BMW i8 Frozen Yellow Edition
Of all the wonders that presented themselves at this year's Geneva Motor Show, BMW didn't have its hand in any of them. The company has slowed its innovation push, and decided to focus its energy on updating and electrifying its current lineup. This may not be a negative ...
CEO Harald Krüger believes in making more of what his customers already like, and making the products better. This means, at least for now, it's no surprise to see a wagon version of the 5-Series, or a minimally adapted 4-Series, at an international auto show, while competitors are pushing new models.
“We’re transforming BMW from a carmaker into a tech company and a mobility-service provider. During this transformation, there’s one constant factor: a rigorous focus on what helps our customers and what they desire.”
The news can be seen in a positive light, if we look at the fact that BMW does plan to electrify, and according to Krüger, BMW's offerings will be monumental. He shared:
“BMW is large enough to master the investment demands for future technologies and keep profitability up.”
“In future, we’re betting on maximum flexibility and scalability so as to bring electric mobility to a new and unprecedented level.”
Krüger believes that the electric car race is more comparable to a long marathon, than a sprint. He insists that the company needs to continue doing what it does best, and remain profitable, while continuing to work toward the future.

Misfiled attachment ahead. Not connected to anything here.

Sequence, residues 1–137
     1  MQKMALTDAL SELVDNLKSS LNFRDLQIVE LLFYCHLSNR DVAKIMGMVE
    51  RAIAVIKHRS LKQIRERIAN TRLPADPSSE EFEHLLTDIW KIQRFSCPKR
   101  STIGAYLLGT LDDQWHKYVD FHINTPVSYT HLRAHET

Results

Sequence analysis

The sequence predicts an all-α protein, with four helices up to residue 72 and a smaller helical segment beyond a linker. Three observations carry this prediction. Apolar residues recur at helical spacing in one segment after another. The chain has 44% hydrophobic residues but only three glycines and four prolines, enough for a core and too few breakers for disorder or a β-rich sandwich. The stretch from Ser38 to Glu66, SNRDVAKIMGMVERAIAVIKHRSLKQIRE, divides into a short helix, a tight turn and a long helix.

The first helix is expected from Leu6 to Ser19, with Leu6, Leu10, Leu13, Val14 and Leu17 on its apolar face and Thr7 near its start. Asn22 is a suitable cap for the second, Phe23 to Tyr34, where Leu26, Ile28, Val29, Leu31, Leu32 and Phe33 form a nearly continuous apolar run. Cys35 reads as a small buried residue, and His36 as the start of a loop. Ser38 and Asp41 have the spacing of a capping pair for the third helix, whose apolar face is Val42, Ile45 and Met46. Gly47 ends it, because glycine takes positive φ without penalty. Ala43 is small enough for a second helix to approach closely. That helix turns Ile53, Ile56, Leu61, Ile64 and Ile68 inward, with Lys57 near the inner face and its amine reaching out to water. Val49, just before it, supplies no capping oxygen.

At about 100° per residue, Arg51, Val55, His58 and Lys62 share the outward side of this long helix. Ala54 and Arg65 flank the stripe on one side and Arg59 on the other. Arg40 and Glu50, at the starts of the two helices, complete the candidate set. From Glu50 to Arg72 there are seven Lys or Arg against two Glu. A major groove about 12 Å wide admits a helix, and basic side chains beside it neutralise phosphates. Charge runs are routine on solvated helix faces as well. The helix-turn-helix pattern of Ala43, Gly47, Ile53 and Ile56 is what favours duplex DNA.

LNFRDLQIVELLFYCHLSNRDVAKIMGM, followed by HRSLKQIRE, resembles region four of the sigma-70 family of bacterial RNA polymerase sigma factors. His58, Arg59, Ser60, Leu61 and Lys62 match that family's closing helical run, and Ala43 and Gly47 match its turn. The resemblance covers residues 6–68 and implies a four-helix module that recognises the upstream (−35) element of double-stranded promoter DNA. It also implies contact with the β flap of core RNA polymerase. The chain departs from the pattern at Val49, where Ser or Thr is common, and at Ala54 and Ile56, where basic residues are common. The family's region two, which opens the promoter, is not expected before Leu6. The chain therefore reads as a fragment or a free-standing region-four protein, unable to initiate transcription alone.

Looking at the other side of the coin, competitors like Mercedes and Volkswagen are moving forward. Mercedes has plans for at least ten electric models in the near future, and VW promises the I.D. family of around thirty EVs, in about the same time frame. Harald Hendrikse, a Morgan Stanley analyst out of London, said:
“The danger is that these new vehicles like Mercedes’ EQ and Volkswagen’s I.D. are a huge success, leaving BMW wrong-footed. The push for electric cars does feel more real this time.”
However, EVs make up less than one percent of the current worldwide automotive market share. IHS Automotive believes that that number could rise as high as eight percent, by 2025. Meanwhile, it is not likely that people will cease to buy BMW's vehicles. While Krüger is not moving as quickly as his predecessors at BMW, he has set plans moving in the right direction. BMW hopes to release more "i" cars around 2021, and the company is already underway with an EV "boot camp" for about 14,000 of its managers.
Krüger himself will explain and educate his employees "en masse" about his upcoming strategies. He has built a huge temporary structure on the grounds of an old airport in Maisach, near Munich, where BMW runs a driving academy. Over the course of three months, Krüger will bring in large groups of managers to address electric drivetrains, and go into detail about connected cars and future software. BMW ran a similar camp in 2008, leading up to the production of the i3.
So, it seems that BMW is taking all the right steps, but is just not so concerned with the pace, and with brand new models. Though some people may be disappointed in having to wait, the automaker's history and reputation should keep its customers along for the ride.
“BMW’s decision to go for a gradual approach feels like the safer one in terms of investment outlay. There’s no evidence to suggest people need a special-looking electric car and won’t buy a 3-Series with a good battery range.”
We can think of just a few hundred thousand people who might find happiness in a long-range electric
Model 3-Series ...